CPB can make the identification of unanticipated MH more difficult due to various physiologic perturbations associated with initiation and cessation of CPB. The most common and reliable sign of MH while on CPB is an unexplained elevated PaCO2 or an unexplained, increasing trend of metabolic acidosis. Other signs may include a low mixed SvO2, which is more readily accessible in those lined for cardiac cases, as well as typical signs such as hyperkalemia, myoglobinuria, and muscle rigidity. Hyperthermia may not be as prevalent due to cooling associated with CPB but unexplained hyperthermia after cessation of CPB should raise clinical suspicion [9]. Most patients undergoing CPB for CABG have significant comorbidities with less physiologic reserve making their clinical course even more tenuous if afflicted with a MH crisis. Metabolic acidosis from MH will lead to a decreased responsiveness to vasopressors in the hemodynamically unstable patient which often occurs transiently after cessation of CPB. An elevated CO2 will lead to increased pulmonary hypertension and right ventricular strain which can be problematic in those with preexisting dysfunction. If an MH event occurs peri-CPB, it is often impossible or impractical to abort the surgical procedure at that time. Additionally, there are no clear recommendations regarding the pharmacokinetics of dantrolene while on CPB [10].

A case series by Metterlein et al. described the measures to prevent an episode of MH in 14 patients known or suspected to be MH susceptible undergoing procedures requiring CPB. All of these cases avoided triggering agents, used decontaminated anesthesia machines and oxygenators, and maintained anesthesia with opiates and intravenous hypnotics. Five of these 14 cases were given prophylactic dantrolene which is not currently recommended. Additionally, the authors suggested to slowly and carefully rewarm patients to 36°C as rewarming may precipitate a crisis in the absence of triggering agents [9].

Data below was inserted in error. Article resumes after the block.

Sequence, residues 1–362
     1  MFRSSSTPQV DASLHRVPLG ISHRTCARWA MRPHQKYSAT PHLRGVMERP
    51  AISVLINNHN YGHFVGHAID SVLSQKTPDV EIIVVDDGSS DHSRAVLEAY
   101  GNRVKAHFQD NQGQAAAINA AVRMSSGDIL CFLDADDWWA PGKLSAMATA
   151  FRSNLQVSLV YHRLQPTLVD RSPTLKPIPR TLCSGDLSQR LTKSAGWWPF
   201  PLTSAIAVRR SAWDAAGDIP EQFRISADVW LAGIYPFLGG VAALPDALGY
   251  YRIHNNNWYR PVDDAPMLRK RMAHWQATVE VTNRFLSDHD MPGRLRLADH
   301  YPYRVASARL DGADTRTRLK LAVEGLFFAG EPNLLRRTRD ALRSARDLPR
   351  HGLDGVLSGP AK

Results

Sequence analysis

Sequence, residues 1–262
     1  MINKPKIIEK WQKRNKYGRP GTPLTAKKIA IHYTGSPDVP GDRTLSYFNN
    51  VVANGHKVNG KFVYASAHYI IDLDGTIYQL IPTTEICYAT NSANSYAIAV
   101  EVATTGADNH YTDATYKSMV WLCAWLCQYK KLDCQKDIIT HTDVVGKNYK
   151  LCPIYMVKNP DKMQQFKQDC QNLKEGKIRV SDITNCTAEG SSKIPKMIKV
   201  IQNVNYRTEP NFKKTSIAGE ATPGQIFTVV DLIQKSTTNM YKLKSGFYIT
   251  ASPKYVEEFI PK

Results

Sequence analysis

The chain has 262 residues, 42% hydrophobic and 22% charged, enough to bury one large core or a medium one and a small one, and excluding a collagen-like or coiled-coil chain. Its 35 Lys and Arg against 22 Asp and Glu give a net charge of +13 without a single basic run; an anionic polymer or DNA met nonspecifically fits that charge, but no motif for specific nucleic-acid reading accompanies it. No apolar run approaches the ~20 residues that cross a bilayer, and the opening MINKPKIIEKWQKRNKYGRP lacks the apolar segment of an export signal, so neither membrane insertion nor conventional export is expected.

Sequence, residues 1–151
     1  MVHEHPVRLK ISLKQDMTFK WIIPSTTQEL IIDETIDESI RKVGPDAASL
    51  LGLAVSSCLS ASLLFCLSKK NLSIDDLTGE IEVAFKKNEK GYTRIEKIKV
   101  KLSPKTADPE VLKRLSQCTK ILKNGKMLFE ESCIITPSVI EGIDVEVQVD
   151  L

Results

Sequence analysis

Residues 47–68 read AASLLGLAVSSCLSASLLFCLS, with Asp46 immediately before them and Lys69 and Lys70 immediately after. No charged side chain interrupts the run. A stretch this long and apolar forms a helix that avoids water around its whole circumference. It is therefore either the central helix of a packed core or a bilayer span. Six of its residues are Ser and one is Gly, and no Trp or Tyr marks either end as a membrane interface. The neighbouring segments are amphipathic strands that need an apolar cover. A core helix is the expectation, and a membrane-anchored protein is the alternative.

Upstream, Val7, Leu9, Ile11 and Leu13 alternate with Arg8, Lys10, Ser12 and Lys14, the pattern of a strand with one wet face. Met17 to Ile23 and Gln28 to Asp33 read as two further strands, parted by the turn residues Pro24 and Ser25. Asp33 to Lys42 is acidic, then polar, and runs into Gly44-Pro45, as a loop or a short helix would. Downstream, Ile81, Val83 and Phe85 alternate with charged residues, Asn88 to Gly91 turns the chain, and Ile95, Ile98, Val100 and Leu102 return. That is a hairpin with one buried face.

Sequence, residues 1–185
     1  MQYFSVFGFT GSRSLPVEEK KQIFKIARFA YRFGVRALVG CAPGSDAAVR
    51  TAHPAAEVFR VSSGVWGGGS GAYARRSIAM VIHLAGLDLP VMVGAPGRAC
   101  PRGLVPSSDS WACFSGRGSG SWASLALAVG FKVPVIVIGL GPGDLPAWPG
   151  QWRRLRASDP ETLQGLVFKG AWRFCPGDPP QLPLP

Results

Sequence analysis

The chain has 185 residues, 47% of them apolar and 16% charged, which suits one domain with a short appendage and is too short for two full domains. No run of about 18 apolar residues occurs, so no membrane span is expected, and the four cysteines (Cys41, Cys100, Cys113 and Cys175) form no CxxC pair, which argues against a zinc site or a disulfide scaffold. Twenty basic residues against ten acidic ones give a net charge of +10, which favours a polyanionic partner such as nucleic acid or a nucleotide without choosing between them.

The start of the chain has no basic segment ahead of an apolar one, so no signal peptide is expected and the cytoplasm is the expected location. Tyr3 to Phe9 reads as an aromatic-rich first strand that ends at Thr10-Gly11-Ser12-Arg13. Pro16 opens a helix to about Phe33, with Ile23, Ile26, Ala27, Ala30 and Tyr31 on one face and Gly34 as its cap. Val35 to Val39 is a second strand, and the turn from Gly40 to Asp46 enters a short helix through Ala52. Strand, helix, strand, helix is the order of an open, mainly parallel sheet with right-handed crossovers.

The avoidance of volatile anesthetics, as required in patients susceptible to MH, is unlikely to affect the outcomes for CABG. There was thought to be a cardioprotective property of volatile anesthetics with patients undergoing CABG. However, a more recent study by Flier et al. found that there were no differences in isoflurane-opioid versus Propofol-opioid for CABG cases in respect to postoperative troponins or short- and long-term morbidity and mortality [11].

4. Conclusion

In summary, MH is a severe hypermetabolic disorder associated with dysregulation of calcium release and triggering agents. CPB required in many cardiac surgeries presents additional challenges to recognize and treat MH. Prior uncomplicated anesthesia history and no family history of MH are unreliable predictors of a lack of MH susceptibility. With the increasing prevalence of routine genetic screening, more patients will be identified to carry genetic variants associated with MH. Some of these variants are known pathogenic and many others are with uncertain clinical significance. Establishment of an anesthesia guideline for these genetic variants will be helpful for anesthesia providers to manage patients who are identified preoperatively as a carrier. Vigilance for signs and symptoms and early discontinuation of triggering agents with administration of dantrolene remain the mainstays of MH management.

Conflicts of Interest

The authors declare that they have no conflicts of interest.

Authors’ Contributions

The manuscript has been read and approved by all coauthors.